Yes we do have the bharathnatyam, a more disciplined form of dance. But no dancing for fun. Those days , and I talk here about my kollu patti days, women dancing were not respected and looked down upon

As a vengeance, the South Indian is going all ga ga on facebook. The latest that I couldn’t keep my eyes off was that of a bride and groom doing the “now you may kiss the bride”. So whats special and why had the pic gone viral you ask. The groom and the bride were dressed in the Tam Bram traditional dhoti and madisaar,  an attire that is worn only for the most auspicious occasions of ones lifetime. The click was indeed very aesthetically taken. The pic (someones wedding indeed) had gone viral , had 10000 likes and had people comment . Some saying the only place for the madisaar to reach now is a ball room dance, others condemning the act. Still others saying the youth is finally showing what they need today and that is change

Call it abachaaram(defying traditions) and what not. The change is happening and happening fast.  I don’t know how many homes still keep a golu. But pandal hopping and dandiya ras is gaining popularity amongst the Tamil folks . Thanks to cities like New York and Bangalore that has people from all races under one umbrella

Do I feel happy that we have begun to change from hard and rigid customs such as women termed Teetu (impure) and barred from touching and entering the kitchen for a good 3 day every month or do I feel sad about the Bommai habba or golu  turning into a dying tradition?

From a culturist nostalgist

Punjabi Auntie


As I wait for those 15 minutes at the bus stop looking out for the school bus to arrive, my brain cooks up stories of every day people I watch- of kids in uniforms. of aunties in track suits. of uncles taking pets out for a walk. of grand parents crossing the streets with grand children ,

My son waits to meet Kushi. A bubbly 5 old Punjabi kid that takes the same bus as him. Kushi tags along with her grand ma, lets call her Punjabi auntie. There is something about Punjabi auntie . I don’t know why but my heart warms up every time I see her . May be its her smile that she flashes to all and sundry as we wait for the bus. She is friends with a lot of moms is what I see.

Punjabi auntie stays with her son and daughter in law, both of whom lead busy lives in our metro. Punjabi auntie drops the 2 kids at the bus stop and picks then back at 2 PM . Punjabi auntie doubles up as the care taker in momma’s absence. Kushi gets to get back home from school. no holed up in a one room day care . Auntie mutters under her breath how difficult it is to handle a 5 year old tantrum throwing Kushi, what with Kushi sprinting off in her school uniform to a friends place as soon as she gets off the bus at 1 PM. The task then rests with auntie to trace her , get her home and get her to eat her lunch. Auntie plays referee as she watches 2 of her grand kids fight over the TV remote.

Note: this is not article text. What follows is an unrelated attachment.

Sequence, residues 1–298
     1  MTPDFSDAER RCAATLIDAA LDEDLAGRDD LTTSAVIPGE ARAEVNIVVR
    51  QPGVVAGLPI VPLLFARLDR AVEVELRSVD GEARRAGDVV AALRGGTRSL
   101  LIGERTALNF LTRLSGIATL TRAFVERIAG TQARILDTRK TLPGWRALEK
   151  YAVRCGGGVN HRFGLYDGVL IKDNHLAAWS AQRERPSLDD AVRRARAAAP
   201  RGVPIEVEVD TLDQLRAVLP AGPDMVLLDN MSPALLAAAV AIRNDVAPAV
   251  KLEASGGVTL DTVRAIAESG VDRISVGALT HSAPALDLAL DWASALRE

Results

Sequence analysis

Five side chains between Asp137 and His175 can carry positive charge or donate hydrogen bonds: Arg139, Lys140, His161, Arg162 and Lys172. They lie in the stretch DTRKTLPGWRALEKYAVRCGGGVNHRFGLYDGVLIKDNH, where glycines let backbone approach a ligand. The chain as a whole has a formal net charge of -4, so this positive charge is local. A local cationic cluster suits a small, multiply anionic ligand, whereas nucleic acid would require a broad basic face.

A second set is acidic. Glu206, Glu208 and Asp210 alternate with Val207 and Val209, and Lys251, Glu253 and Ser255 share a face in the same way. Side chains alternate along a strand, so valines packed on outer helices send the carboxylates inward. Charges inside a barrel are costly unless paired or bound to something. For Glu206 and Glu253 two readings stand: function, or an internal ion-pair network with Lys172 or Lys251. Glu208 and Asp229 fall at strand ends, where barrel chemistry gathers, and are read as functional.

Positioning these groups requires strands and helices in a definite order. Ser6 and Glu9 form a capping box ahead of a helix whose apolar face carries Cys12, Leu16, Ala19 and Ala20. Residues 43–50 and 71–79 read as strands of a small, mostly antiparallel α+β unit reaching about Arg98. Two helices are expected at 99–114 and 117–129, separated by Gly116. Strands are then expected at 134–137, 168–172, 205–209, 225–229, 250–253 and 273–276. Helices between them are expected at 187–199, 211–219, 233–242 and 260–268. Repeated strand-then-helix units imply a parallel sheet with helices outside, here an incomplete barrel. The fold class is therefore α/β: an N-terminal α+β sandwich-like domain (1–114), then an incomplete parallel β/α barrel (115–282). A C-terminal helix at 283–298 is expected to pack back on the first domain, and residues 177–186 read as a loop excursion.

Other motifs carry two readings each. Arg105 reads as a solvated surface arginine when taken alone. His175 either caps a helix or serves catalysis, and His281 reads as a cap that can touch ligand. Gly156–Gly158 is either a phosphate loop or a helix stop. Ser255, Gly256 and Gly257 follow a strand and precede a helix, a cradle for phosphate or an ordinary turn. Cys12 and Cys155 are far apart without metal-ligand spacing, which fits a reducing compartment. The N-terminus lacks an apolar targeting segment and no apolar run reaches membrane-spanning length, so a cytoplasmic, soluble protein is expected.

As auntie narrates her every day adventures with her grand kids, the scenes play on my mind like a movie. Auntie must be mutteting curses at her grand kids, that trouble her, that keep running on to the road as they await the buses.

The bus arrives. The son boards it The bus waits a few seconds for kids that arrive late. Auntie chuckles. I assume auntie is popular in her apartment. She must be friends with the many North Indian families and must be bonding over vraths and pooja paats, that are so common in the apartments

Yesterday auntie expressed child like curiosity when she said they were all going to Goa for Dussehra vacation.I thought auntie needed a break too , just like her son and daughter in law , After all managing 2 bratty kids all day in the absence of their parents must not be easy

The other parents and auntie ensure all kids get into the bus and no one missed it, even if that means making the bus wait for a good 5 min. I like that camaraderie. They signal, they shout ” Jaldi bulao” Jaldi bulao. Wait wait, kids are coming.  That kind of camaraderie , you find only in apartment complexes.

Would they wait for us too if we arrived late ?? I wonder.

The bus leaves. I walk back home, a dozen thoughts juxtaposed in my already clouded brain. I walk back thinking about auntie, about her family, about my bugs waiting to be solved, Of rajma to be soaked in water for the evening dinner.

What would life be for that working couple with 2 kids if auntie didn’t move in from Lucknow with them ?

How nice of auntie to let go of her hometown and to embrace a city like Bangalore her home

What a great support system grand parents play in today’s India. With women working and families still wanting to have 2 kids, imagine how topsy turvy life could be , if you had no one to help

.. and I think I know why my heart warms up to this auntie. It is because of  just one phrase I have begun to love post my baby –  and that word is SUPPORT SYSTEM !